How to Taste Coffee Like A Pro
Extraction is everything that the water takes from the coffee.
It’s pretty easy to sum up, but a lot more difficult to understand and apply.
When you mix coffee and water, a lot of things happen. The most relevant and easy to understand of all these things is that water dissolves a lot of coffee’s flavours. These dissolved flavours make up (almost) everything you taste when you drink a cup of coffee. The rest is undissolved stuff. This is mostly very very small coffee grinds that affect mouthfeel, but can’t be included in extraction because they’re just floating around in the water.
Roasted coffee beans are ~28% (by weight) water-soluble. This means that you can extract ~28% of the coffee bean’s mass in water. The rest is pretty much cellulose and plant stuff that forms the structure of the seed.
Water is pretty good at dissolving those soluble chemicals, but it needs help. If you throw a handful of coffee beans in hot water, you don’t extract much more than the outside layer. This is because the coffee bean’s structure is incredibly dense and complex; water can’t just pass through and collect all the flavour on its way. To help, we have to increase the surface area of the coffee beans; we need to ‘open them up’ so the water can easily get at all of the flavour. This is achieved rather handily by the use of a coffee grinder. It crushes the beans into a powder, exponentially increasing their surface area and allowing the water to do its work.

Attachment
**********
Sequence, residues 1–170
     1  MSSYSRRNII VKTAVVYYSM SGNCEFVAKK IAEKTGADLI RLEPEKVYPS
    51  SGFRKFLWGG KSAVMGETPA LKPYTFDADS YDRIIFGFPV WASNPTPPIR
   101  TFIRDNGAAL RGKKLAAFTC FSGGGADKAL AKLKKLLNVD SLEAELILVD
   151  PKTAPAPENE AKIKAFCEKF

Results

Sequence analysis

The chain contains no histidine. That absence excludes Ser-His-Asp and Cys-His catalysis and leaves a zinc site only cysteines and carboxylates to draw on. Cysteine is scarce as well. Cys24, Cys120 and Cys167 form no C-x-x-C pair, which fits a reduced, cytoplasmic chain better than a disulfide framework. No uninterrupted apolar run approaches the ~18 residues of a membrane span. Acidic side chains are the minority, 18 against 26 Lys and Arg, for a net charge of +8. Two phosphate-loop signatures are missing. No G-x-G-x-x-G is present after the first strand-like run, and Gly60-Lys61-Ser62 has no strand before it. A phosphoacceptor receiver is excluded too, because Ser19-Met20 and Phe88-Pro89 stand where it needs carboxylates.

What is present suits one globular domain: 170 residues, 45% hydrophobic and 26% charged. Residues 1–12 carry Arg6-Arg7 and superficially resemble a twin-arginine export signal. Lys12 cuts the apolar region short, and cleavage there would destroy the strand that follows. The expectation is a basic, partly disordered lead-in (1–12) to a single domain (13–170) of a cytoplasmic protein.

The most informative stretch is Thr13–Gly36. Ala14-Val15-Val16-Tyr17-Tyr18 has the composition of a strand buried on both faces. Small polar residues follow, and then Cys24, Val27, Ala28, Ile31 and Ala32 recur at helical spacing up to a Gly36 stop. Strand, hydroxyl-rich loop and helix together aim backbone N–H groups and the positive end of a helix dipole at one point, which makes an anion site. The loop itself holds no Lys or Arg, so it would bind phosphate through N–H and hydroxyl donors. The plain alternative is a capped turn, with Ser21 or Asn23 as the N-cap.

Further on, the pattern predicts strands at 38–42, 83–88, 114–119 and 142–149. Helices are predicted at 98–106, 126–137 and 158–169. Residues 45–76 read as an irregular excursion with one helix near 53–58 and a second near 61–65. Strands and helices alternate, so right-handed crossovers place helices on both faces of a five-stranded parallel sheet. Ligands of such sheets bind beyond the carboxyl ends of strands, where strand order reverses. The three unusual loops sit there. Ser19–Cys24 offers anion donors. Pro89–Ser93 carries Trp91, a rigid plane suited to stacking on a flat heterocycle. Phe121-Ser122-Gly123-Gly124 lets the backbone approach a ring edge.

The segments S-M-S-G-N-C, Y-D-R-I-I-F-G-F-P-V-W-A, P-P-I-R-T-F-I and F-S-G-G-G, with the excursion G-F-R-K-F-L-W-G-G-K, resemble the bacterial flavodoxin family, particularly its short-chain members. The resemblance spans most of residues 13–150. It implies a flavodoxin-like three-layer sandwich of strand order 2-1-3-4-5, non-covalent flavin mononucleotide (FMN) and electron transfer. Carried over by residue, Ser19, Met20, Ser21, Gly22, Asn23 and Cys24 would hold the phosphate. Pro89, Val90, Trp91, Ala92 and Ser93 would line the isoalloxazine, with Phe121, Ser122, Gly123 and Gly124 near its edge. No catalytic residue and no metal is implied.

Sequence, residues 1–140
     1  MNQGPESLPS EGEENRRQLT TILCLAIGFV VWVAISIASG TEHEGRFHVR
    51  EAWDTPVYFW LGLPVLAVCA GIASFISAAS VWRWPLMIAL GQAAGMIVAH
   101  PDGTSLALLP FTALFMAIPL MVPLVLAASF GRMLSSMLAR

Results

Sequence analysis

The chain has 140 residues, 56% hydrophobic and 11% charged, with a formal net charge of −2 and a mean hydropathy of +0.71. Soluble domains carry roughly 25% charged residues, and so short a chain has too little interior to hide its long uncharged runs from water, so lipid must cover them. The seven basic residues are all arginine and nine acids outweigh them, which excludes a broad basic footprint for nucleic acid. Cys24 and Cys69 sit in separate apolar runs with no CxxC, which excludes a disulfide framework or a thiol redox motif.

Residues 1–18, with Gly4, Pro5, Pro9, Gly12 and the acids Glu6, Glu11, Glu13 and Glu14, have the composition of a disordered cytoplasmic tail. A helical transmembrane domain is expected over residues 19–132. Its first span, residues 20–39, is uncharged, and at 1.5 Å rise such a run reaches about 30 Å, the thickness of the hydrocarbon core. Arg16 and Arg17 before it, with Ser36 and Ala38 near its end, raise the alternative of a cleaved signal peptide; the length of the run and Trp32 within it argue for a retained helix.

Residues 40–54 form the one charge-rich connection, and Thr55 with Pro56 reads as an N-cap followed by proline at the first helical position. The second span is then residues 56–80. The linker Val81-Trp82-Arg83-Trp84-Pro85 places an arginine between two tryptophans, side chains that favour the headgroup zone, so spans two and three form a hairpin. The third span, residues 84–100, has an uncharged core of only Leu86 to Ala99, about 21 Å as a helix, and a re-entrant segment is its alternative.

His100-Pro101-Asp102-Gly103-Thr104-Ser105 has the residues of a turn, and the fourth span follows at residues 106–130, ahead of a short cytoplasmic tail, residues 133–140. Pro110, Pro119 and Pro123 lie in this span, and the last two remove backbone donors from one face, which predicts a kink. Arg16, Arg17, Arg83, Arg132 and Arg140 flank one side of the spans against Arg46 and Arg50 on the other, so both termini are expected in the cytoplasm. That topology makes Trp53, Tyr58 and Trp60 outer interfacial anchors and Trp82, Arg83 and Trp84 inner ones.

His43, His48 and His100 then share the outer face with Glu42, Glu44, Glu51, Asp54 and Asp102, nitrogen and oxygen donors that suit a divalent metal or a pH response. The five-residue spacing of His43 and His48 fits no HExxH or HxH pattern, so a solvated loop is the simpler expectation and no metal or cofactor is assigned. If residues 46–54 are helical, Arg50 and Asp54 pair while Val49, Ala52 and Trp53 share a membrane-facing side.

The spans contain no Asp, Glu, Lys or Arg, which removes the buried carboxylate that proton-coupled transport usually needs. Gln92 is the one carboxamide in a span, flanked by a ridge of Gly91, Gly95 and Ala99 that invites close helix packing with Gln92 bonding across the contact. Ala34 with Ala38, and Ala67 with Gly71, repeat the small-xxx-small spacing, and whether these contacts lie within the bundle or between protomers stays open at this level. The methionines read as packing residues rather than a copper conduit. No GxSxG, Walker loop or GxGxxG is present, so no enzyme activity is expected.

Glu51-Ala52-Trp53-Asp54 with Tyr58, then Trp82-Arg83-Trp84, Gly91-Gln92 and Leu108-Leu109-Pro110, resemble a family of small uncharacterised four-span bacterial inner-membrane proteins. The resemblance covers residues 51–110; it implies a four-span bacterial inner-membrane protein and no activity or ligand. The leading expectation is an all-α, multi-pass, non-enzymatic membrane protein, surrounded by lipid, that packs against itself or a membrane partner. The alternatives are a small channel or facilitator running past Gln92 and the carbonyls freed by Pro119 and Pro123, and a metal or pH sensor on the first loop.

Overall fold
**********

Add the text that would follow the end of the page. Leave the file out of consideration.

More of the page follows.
In an ideal world, we’d crush the coffee into an extremely fine powder, throw water at it and dissolve all of its delicious flavours. Unfortunately, this results in a terribly bitter and awful cup of coffee. Not all of the coffee’s flavours are good, so we have to control the amount of flavour that we extract in order to make a palatable cup.
We also can’t just use more coffee grinds and extract less of them to avoid those over-extracted flavours. Under-extraction tastes terrible as well (more on this in a moment).
Under-extraction occurs when you haven’t taken enough flavour out of the coffee grinds. There’s still a lot left behind that could balance out the following undesirables.
Cast your mind to a shot of espresso that was far too short; a ristretto of a typical Specialty espresso roast. It’s sour, lacking sweetness, weirdly salty and has a disappointingly quick finish. These four things are the most obvious indicators of under-extraction. Let’s go through them in a little more detail.
This is a tricky one, especially with our desire for acidity in coffee. A lot of people think that acidity and sourness are the same thing. However, that couldn't be further from the truth.
To clear this up, I always define sourness as being negative. A sour flavour hits you quickly and aggressively. It creates an immediate physiological reaction, you might pucker your lips or it might feel electric or sharp on the sides of the tongue. Sourness is undesirable and distracting.
Acidity can be both a good and a bad thing, a beautifully balanced acidity can bring another dimension to an otherwise overly sweet or bitter coffee, balancing out the compounds to add a subtle, yet noticeable sparkling sort of sensory feeling.